Beauty May Be Only Skin Deep
EVE, the first and only woman created by God, was likely the most beautiful woman who ever lived. But she and her husband, Adam, rebelled against Jehovah. So Eve lost her close relationship with God and shared in bringing a terrible tragedy on the human race. Afterward, she was doubtless still beautiful, but her beauty was only skin deep.
Beauty is ultimately a gift of God, and some have inherited more of it than others. Some wish they were more beautiful—or handsome—than they are, and many spend a lot of time and money making the most of whatever good looks they possess. But as Eve’s example shows, beauty alone is worthless in the long run unless it is accompanied by other qualities. What other qualities? An experience back in the days of King Solomon helps us to answer that.
Something More Than Beauty
The Bible book Song of Solomon tells of a beautiful young country girl, a Shulammite, who was in love with a local shepherd boy. Her beauty attracted the attention of the king, and he had her brought to Jerusalem in hopes of making her his wife. What an opportunity for a young woman! There, she could exploit her good looks and gain a position of wealth, power, and influence in the kingdom. But the young girl resolutely spurned the flattering advances of the king. She turned her back on the glitter and wealth of Jerusalem and remained faithful to her shepherd boy. In her case, beauty was a lot more than skin deep. She was not shallow, opportunistic, or greedy. Rather, she had an inner beauty that her ancestress Eve lacked.—Song of Solomon 1:15; 4:1; 8:4, 6, 10.
The Snares of Physical Beauty
Physical beauty, while desirable, can lead to problems that inner beauty never provokes. Almost 4,000 years ago, for example, the patriarch Jacob had a daughter named Dinah who was doubtless very pretty. When she unwisely spent time fellowshipping with “the daughters of the land,” a young man named Shechem was so attracted to her that he violated her.—Genesis 34:1, 2.
Additionally, external good looks, if not matched by an inner beauty, can inflate their possessor’s self-evaluation. King David had a son named Absalom, of whom we read: “Compared with Absalom there proved to be no man so beautiful in all Israel as to be praised so much.” (2 Samuel 14:25) But Absalom’s physical beauty masked an inner ugliness: He was vain, ambitious, and ruthless. The young man artfully used his personal charm to build a following in Israel and then conspired against his royal father. Eventually he was killed but not before this very handsome man had plunged the kingdom into civil war.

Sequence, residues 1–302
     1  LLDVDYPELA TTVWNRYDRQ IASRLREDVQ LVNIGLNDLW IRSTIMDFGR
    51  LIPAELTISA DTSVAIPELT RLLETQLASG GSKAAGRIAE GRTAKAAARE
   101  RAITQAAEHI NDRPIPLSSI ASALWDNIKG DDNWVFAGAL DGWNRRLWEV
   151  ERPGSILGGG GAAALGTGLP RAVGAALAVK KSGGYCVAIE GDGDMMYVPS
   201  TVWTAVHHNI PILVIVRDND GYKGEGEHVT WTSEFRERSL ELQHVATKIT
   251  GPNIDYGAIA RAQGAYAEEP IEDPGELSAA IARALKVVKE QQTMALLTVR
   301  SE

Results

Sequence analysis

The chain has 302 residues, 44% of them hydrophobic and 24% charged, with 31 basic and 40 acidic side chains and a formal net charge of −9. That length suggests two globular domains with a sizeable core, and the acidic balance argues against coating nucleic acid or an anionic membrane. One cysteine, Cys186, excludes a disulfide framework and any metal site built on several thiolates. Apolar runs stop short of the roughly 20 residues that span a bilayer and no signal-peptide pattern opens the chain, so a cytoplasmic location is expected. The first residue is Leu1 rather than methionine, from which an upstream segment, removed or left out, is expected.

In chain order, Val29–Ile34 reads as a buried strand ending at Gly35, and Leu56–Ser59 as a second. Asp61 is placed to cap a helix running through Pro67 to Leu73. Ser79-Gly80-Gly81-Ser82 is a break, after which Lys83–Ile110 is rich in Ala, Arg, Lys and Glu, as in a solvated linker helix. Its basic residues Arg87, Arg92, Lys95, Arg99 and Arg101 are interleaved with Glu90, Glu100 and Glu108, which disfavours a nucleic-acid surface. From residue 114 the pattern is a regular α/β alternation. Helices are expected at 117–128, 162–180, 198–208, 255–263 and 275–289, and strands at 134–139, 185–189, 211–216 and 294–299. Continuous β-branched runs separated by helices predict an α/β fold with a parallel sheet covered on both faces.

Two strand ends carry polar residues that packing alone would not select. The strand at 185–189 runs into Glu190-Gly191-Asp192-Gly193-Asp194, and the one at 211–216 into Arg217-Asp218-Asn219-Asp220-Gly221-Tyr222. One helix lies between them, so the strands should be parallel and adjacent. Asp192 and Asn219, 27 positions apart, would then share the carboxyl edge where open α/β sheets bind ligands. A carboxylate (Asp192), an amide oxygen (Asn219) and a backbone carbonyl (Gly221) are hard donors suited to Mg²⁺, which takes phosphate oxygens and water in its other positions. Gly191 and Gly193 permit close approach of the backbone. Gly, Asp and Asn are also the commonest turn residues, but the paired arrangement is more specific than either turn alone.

As the case of Absalom shows, the Bible speaks of men as well as of women as being beautiful. An example of a man who was not ensnared by his masculine beauty was Joseph, the younger half brother of Dinah. (Genesis 30:20-24) When he was a young man, Joseph’s brothers out of jealousy sold him as a slave to be carried off to Egypt. There, he was bought by a military officer named Potiphar, and because of being honest and diligent, he came to be overseer of Potiphar’s household. Meantime, “Joseph grew to be beautiful in form and beautiful in appearance.”—Genesis 39:6.
Potiphar’s wife developed a passion for Joseph and shamelessly tried to seduce him. But the young man showed that he had inner beauty as well as physical attractiveness. He refused to sin against his master, Potiphar, and ran from the woman. As a result, he was clapped into jail. Why? The disappointed wife of Potiphar lyingly accused him of having tried to violate her! Even this bitter experience did not sour Joseph’s disposition, however, and his excellent example under extreme difficulty has encouraged righthearted people ever since.
As these examples show, inner beauty—a beauty of personality especially when it is based on faith in God—is far more important than physical good looks. Young people contemplating marriage need to be aware of this. Employers seeking workers should remember it. And all of us ought to bear in mind that whether we have been blessed with physical beauty or not, we can develop this far more important inner beauty. But what does this consist of? And how can we develop it? We will discuss this in the following article.